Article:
The rate of skin cancer occurrence in the United States is “climbing at epidemic proportions,” said Cecelia Schmalbach, MD, MSc, professor and vice chair of otolaryngology-head and neck surgery at Indiana University School of Medicine in Indianapolis. In 1960, the incidence of melanoma was one in 600 in the United States; in 2012, it was one in 36. The disease is more common in men; after age 40, it’s twice as common in men than in women. But, in one of four new cases, the patient is younger than 40. Melanoma is also the most common cancer in women aged 25 to 29 and the second-most common in women aged 30 to 34.
Explore this issue:November 2016
Mortality from melanoma has increased by approximately 3% since 2004, and more than 10,000 people will die from the disease in 2016. According to the National Cancer Institute, 40% to 50% of Americans will have at least one basal cell or squamous cell cutaneous carcinoma by age 65.
A surgeon’s or center’s experience, as well as a quickly changing evidence base, can influence decisions made in the treatment of skin cancers. Panelists at the American Academy of Otolaryngology-Head and Neck Surgery Foundation Annual Meeting discussed how they and their tumor boards would handle a variety of cases.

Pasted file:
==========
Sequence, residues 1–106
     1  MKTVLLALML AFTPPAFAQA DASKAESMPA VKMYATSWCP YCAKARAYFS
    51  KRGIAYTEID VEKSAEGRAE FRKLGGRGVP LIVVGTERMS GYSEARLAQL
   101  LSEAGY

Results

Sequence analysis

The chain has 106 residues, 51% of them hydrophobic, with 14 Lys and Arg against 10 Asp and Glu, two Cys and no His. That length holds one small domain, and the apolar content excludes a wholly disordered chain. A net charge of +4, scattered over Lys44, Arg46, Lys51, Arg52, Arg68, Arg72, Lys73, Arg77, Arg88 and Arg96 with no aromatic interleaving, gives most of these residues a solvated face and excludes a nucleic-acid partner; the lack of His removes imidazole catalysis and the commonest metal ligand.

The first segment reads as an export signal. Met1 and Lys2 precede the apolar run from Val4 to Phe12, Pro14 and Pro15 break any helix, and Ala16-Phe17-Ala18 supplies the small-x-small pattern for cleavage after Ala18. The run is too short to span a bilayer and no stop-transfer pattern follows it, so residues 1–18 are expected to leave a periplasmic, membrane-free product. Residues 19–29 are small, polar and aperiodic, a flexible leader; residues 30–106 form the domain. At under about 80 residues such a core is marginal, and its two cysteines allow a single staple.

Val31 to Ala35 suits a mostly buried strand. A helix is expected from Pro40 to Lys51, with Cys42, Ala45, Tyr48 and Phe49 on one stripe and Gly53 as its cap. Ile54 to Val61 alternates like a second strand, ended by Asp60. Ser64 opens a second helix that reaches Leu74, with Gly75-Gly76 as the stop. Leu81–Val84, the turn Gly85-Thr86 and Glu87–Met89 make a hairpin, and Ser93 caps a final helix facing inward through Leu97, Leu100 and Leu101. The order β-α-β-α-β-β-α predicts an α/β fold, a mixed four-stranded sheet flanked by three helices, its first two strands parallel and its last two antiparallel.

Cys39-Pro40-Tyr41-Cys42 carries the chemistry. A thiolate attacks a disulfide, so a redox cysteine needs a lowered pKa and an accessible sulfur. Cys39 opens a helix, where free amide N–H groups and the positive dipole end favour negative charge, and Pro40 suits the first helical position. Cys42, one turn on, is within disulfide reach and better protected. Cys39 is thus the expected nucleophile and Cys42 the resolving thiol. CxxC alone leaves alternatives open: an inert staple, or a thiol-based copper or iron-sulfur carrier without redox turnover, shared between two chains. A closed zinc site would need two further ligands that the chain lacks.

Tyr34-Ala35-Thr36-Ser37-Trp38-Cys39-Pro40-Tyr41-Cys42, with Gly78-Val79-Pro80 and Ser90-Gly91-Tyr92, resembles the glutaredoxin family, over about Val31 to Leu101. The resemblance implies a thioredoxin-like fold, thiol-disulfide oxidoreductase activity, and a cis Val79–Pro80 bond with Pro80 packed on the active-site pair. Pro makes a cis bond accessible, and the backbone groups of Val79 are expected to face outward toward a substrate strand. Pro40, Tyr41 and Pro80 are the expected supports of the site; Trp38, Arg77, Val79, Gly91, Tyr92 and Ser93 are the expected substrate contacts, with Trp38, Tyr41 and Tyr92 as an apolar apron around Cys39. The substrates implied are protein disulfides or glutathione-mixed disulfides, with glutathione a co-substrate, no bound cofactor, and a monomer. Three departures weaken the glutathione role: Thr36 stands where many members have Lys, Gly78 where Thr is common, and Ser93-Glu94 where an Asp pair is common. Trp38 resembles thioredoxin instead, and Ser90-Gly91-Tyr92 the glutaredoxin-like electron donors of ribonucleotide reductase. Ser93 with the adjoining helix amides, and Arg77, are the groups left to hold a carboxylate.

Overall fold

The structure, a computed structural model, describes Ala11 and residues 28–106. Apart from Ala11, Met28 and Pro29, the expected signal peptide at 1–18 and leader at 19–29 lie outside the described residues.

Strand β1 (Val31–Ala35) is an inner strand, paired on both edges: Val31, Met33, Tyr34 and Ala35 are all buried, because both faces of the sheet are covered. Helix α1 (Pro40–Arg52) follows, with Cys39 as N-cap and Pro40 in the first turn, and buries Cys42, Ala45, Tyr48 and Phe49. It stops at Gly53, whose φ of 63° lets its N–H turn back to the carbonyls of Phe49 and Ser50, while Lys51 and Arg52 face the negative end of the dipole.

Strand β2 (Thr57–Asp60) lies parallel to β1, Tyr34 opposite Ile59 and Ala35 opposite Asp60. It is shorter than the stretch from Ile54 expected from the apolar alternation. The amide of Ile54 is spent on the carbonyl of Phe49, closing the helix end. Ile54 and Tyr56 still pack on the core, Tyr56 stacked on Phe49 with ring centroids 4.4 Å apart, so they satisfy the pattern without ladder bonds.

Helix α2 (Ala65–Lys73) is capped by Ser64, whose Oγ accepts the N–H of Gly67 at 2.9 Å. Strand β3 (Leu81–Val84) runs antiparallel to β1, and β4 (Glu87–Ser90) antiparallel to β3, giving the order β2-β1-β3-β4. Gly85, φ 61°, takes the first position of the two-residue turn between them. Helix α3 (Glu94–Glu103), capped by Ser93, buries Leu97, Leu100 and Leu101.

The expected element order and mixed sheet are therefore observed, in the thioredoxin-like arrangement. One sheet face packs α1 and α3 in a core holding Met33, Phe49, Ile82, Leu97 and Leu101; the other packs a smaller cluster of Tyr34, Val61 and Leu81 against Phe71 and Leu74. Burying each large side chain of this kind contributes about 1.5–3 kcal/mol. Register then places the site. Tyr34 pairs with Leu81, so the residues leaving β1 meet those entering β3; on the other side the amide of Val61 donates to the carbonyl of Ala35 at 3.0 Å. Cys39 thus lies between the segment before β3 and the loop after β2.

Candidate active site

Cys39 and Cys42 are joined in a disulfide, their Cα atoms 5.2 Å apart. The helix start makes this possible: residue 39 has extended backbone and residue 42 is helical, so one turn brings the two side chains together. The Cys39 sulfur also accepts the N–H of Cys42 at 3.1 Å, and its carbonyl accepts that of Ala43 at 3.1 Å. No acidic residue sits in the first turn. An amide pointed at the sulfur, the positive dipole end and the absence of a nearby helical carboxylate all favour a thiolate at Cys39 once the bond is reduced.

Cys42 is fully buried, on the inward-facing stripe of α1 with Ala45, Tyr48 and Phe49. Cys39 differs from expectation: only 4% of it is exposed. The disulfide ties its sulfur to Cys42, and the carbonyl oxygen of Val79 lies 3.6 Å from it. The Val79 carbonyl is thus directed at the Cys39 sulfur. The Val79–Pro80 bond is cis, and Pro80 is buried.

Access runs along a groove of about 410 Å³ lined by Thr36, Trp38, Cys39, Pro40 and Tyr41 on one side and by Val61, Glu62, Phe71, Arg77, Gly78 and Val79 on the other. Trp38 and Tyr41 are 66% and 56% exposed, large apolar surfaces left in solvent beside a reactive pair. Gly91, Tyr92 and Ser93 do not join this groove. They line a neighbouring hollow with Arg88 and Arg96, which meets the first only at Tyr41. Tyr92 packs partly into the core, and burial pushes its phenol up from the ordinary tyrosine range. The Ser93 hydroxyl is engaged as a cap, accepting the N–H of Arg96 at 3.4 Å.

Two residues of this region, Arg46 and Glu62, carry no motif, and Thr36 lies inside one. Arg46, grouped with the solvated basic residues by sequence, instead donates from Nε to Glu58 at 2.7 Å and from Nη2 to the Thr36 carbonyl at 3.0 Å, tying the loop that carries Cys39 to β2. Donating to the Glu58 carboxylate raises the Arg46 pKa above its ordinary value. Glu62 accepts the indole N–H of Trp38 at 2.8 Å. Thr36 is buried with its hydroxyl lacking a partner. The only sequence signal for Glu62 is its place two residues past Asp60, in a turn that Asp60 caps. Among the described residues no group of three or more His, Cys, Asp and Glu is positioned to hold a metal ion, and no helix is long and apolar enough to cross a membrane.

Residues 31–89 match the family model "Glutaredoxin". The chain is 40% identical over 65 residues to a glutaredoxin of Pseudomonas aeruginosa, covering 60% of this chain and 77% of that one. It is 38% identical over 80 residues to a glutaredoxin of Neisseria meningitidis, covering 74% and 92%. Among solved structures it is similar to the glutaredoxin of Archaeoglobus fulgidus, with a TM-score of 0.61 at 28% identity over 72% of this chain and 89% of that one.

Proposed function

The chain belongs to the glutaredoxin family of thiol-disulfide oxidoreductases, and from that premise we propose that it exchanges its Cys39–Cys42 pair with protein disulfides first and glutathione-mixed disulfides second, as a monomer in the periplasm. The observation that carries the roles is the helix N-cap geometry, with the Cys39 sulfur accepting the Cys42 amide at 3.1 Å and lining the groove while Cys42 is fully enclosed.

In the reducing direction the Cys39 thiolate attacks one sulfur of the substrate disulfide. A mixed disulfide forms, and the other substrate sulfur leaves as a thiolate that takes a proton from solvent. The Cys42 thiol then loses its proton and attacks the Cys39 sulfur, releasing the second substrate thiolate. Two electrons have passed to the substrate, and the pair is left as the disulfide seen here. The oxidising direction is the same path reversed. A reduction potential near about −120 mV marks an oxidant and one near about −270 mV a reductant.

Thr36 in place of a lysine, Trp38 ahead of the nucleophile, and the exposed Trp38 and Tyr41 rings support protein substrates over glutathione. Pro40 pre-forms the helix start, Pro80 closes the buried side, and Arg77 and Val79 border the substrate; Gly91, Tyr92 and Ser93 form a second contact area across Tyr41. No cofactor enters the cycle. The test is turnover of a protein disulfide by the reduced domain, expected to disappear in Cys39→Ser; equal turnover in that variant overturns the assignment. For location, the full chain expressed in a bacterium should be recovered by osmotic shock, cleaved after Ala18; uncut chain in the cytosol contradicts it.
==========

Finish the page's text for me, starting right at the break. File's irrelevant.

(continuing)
Case 1: Melanoma on the Scalp
A 55-year-old man presented with a newly diagnosed desmoplastic melanoma on his scalp; he had undergone a punch biopsy by a dermatologist. The lesion was thought to be a T2N0M0 desmoplastic melanoma.
Carol Bradford, MD, professor of otolaryngology and executive vice dean of academic affairs at the University of Michigan Medical School in Ann Arbor, said that a history and physical would be acceptable for work-up, but noted that a wide local excision and a sentinel node biopsy would be the best staging study.
For Stage 1 and 2 melanomas, the National Comprehensive Cancer Network (NCCN) guidelines suggest just a history and physical, with imaging performed only for specific symptoms. In this case, even though desmoplastic tumors have a lower rate of positive nodes, Dr. Bradford advised considering a sentinel node biopsy. “You’re not really biopsying the whole thing and there are very few true, pure desmoplastic melanomas, so this patient would still be eligible for sentinel lymph node biopsy,” she added. She said that the surgeon should have a conversation with the patient to make it clear that while the biopsy is recommended, the patient is not certain to benefit from it.